Translated by: Andrew Yang
There is no age limit for pursuing wisdom. With perseverance and the right goal in mind, even if you reach the age of an elder, you can still achieve a feat that dazzles the world.
In China’s Eastern Jin dynasty, that is, over 1,600 years ago, lived a Buddhist master who, at the age of 64, risked his life by travelling all the way to India to study the Dharma.
At 64, normally one is already close to enjoying their happy retirement surrounded by grandchildren. Had he not been a monk, however, how would Master Faxian at that age have taken all the hardship in climbing the snow-clad Pamirs and other dangerous mountains and crossing mighty deserts to learn the Dharma in India? It just shows what a strong will he commanded and how admirable his dedication was.
Master Faxian’s journey to the west happened two hundred and twenty years earlier than that of Master Xuanzang of the Tang dynasty. Xuanzang was moved by Faxian’s adventurous spirit and decided to go to India himself.
According to A Record of Buddhist Kingdoms that Faxian wrote upon his return, he set out from Chang’an in central China and spent more than four months travelling westward through Xinjiang, along the way passing the Kingdom of Qiangui, the Kingdom of Noutan, and the Township of Zhangye, and crossing heat waves in the desert, there with not a bird to be seen in the air above, nor an animal on the ground below. He and his companions relied on the sun for directions and used dry bones of the dead as road signs. Then they went on through Dunhuang, the Kingdom of Shanshan, the Kingdom of Khotan, the country of kukyar, and over the ever-snow-capped Onion Ridge Mountains (i.e., the Pamirs) before arriving in India.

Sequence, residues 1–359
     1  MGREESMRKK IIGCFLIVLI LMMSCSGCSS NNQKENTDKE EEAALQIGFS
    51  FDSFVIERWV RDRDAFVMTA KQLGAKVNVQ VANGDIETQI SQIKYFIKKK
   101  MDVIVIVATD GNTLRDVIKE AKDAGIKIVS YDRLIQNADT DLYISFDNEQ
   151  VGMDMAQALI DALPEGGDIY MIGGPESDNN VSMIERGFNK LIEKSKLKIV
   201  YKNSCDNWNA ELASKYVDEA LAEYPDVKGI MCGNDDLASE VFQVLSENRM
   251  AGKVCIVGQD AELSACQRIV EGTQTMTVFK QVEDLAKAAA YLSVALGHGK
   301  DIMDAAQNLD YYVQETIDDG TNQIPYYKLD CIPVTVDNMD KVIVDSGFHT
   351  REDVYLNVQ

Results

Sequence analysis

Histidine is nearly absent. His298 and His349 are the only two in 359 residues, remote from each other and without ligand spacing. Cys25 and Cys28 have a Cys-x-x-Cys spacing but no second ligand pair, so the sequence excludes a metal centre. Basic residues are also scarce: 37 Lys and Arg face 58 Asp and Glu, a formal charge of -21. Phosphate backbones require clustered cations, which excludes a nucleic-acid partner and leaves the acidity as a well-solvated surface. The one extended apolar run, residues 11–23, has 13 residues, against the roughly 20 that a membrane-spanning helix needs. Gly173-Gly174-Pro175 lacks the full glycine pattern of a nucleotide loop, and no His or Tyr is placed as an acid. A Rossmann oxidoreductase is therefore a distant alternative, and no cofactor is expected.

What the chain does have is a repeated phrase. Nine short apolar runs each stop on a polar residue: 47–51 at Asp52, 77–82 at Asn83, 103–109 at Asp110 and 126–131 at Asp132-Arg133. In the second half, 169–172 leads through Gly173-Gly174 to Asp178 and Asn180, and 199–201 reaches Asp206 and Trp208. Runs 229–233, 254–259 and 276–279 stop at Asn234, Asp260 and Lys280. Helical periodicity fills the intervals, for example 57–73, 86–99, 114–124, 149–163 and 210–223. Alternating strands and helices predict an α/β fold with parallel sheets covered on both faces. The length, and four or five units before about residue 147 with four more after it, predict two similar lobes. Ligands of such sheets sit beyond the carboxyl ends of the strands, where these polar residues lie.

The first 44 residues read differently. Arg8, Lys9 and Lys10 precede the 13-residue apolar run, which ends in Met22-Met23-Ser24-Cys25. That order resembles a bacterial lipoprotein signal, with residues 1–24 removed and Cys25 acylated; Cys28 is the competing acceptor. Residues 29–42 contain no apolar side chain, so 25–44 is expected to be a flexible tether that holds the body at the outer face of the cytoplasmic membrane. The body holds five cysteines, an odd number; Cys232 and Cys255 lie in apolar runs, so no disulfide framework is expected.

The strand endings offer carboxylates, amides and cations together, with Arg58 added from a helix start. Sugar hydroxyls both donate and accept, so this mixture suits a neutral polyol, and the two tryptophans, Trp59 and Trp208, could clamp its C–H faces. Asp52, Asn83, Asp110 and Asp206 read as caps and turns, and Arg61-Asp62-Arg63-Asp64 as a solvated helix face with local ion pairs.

During the six years the journey took, there were a total of 10 companions starting out, but along the way, some dropped out, a few went missing, and some died of disease and exhaustion. In the end, only Faxian and Daozheng made it and completed their heroic westbound feat.
When Faxian reached India, he was already 70 years old. However, not giving up any opportunity, he immediately began to learn Sanskrit and monastic rules from Indian monks. Then in the next three years he spent days and nights copying important Buddhist classics including Mahasangha Vinaya, Sarvastivada Vinaya, and Nirvana Sutra.
Later, at the age of seventy-four, Faxian decided to bring the classics he had collected back to China. He first went through Ceylon (now Sri Lanka), and then sailed eastward passing the island of Java before entering the Taiwan Strait. During the voyage home, he experienced two storms. With the first one he drifted for more than 90 days and ran aground on the reefs near Indonesia. The second storm sent him adrift for over 60 days, and finally to Changguang county in Shandong province where he finally landed. After 14 years Faxian set foot back on the soil of his motherland. He was 78 years old.
Master Faxian’s spirit of mercy in serving the Dharma and benefiting all sentient beings is profoundly moving. Some people assume that monks only recite Buddhist scriptures. According to A Historic Record of the Pilgrims Who Collected and Translated Buddhist Teachings, however, from the Western Jin to the end of Song dynasties, a total of over 200 monks travelled overseas in search of Buddhist sutras. Monks have in fact been among the earliest adventurers, explorers and international students. Indeed, Faxian was the very first person to travel west to India and bring Buddhist classics back to China.
Some historians and geographers who have researched A Record of Buddhist Kingdoms now maintain that Faxian likely reached America 1,000 years earlier than Christopher Columbus. His experience of studying Buddhism in India not only brought precious Buddhist literature for later generations, but also made the Chinese a trailblazer in global explorations.
At the end of A Record of Buddhist Kingdoms, Faxian made this confession, “Recalling the hazards and hardship experienced on the journey to the west, one cannot but fear with sweating. It is likely because we were stubborn but determined that we were able to risk our lives and persevere with a mere ounce of hope.”
This remark makes excellent advice for any student. Furthermore, Master Faxian with his devotion and perseverance is nothing but a worthy role model for all explorers.